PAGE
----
When should back pain worry you?

It causes new bowel or bladder control problems. Most back pain will go away after a few days, but if you've been feeling pain for more than a week, it's time to call a doctor. The doctor will perform all necessary tests or tests to help get to the bottom of the pain before it becomes a major problem. As with many health conditions, the key is to prevent and address problems early.

As a rule of thumb, if lower back pain does not go away within 1 to 2 weeks, you should visit your doctor. Your pain is most likely not a sign of a medical emergency, but a doctor can provide you with an accurate diagnosis and recommend a treatment plan. Next article Solve the back pain puzzle, one area of the spine at a time. If you have severe back pain that is combined with pain in other areas, such as a throbbing pain in your leg, you should see a doctor.

This evidence is an excellent basis for more substantial and lasting peace of mind for patients with low back pain. Most people who mark one or two things don't have an ominous cause for their low back pain. In particular, they deserve praise for strongly discouraging doctors from requesting diagnostic imaging tests only “for patients with low back pain when there are serious or progressive neurological deficits or when serious underlying diseases are suspected.” Similarly, aortic dissection (the tearing of an inner layer of tissue in the aorta, the main vessel that carries blood from the heart to the rest of the body) sometimes causes back pain and can be fatal if not treated right away. If you have a car accident (even a minor one), fall, or suffer any type of injury that causes back pain, it's time to see a professional.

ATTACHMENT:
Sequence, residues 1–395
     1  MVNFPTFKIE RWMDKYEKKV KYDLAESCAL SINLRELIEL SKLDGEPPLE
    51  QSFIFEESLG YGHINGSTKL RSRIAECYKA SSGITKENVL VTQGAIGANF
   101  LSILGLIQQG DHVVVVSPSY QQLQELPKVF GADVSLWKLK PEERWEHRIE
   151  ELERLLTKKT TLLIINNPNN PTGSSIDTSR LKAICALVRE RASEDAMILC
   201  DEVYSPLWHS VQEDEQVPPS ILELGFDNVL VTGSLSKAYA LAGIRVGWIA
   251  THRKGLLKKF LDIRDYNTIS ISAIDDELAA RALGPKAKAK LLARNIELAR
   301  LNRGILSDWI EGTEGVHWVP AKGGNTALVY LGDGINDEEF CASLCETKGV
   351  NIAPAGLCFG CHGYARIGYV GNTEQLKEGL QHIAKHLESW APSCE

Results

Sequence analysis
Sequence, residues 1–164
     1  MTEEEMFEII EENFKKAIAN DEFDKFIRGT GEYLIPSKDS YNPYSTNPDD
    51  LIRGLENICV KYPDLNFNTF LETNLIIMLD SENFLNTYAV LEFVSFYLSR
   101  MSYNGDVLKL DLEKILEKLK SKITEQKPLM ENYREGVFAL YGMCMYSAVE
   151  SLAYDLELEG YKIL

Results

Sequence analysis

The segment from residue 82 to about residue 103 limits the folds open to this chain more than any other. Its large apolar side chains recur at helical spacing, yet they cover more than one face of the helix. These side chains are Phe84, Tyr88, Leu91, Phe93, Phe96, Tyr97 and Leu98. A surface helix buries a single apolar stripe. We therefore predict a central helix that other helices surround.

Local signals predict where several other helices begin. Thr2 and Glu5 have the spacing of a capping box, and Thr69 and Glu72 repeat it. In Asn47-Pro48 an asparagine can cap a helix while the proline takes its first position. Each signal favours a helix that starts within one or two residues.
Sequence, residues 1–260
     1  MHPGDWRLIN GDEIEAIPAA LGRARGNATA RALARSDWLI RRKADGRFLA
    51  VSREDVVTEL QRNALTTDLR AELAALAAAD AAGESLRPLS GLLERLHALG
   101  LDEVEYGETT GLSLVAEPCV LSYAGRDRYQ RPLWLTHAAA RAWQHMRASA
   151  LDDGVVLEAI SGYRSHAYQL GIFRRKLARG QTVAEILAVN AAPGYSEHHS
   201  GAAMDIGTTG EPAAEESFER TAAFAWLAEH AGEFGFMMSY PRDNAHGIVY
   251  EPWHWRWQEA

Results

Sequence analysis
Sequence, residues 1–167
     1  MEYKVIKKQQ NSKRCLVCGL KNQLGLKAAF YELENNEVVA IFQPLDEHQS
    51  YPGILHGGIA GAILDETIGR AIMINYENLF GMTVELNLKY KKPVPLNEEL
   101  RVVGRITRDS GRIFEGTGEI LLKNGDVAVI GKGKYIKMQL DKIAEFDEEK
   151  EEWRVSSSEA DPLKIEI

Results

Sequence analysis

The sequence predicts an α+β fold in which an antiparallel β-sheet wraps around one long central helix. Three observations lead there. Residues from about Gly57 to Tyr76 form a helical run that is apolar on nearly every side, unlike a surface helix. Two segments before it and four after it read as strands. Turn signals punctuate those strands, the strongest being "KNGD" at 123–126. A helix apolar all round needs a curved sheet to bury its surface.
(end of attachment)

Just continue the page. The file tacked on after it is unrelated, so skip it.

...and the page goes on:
The great idea behind classification-based cognitive functional therapy (CB-CFT or simply CFT) is that most back pain has nothing to do with frightening spinal problems and can therefore break the cycle of pain and disability by relieving patients' fears and anxiety. If you have any of these signs, a spinal specialist can investigate the underlying cause of your back pain using diagnostic imaging tests, such as an X-ray, CT scan, MRI, or myelogram. Approximately 80% of adults will experience back pain throughout their lives, so it's important to be able to identify the severity of symptoms and keep track of how long the pain lasts. Occasionally, back pain is a warning sign of cancer, autoimmune disease, infection, or a handful of other scary factors.

Learn about The Spine Center at UT Southwestern, where the multidisciplinary team of doctors, nurses and providers offers cutting-edge treatments for back pain and spinal related injuries. The most worrisome types of back pain rarely involve severe pain, and many common problems (such as disc slips) are mostly much less serious than is feared.

Marcie Macvicar
Marcie Macvicar

Extreme web nerd. Total food aficionado. Typical coffee evangelist. Alcohol enthusiast. Passionate coffee evangelist.

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